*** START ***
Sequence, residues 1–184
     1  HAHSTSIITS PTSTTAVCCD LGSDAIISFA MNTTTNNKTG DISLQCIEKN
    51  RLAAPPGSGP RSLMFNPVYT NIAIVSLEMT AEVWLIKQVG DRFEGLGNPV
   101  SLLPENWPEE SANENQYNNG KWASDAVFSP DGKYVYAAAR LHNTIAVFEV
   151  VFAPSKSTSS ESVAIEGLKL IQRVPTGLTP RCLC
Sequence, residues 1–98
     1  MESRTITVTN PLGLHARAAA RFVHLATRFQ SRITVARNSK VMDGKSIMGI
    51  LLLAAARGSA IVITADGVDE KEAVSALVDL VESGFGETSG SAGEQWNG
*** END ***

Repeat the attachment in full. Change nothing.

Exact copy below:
Sequence, residues 1–184
     1  HAHSTSIITS PTSTTAVCCD LGSDAIISFA MNTTTNNKTG DISLQCIEKN
    51  RLAAPPGSGP RSLMFNPVYT NIAIVSLEMT AEVWLIKQVG DRFEGLGNPV
   101  SLLPENWPEE SANENQYNNG KWASDAVFSP DGKYVYAAAR LHNTIAVFEV
   151  VFAPSKSTSS ESVAIEGLKL IQRVPTGLTP RCLC
Sequence, residues 1–98
     1  MESRTITVTN PLGLHARAAA RFVHLATRFQ SRITVARNSK VMDGKSIMGI
    51  LLLAAARGSA IVITADGVDE KEAVSALVDL VESGFGETSG SAGEQWNG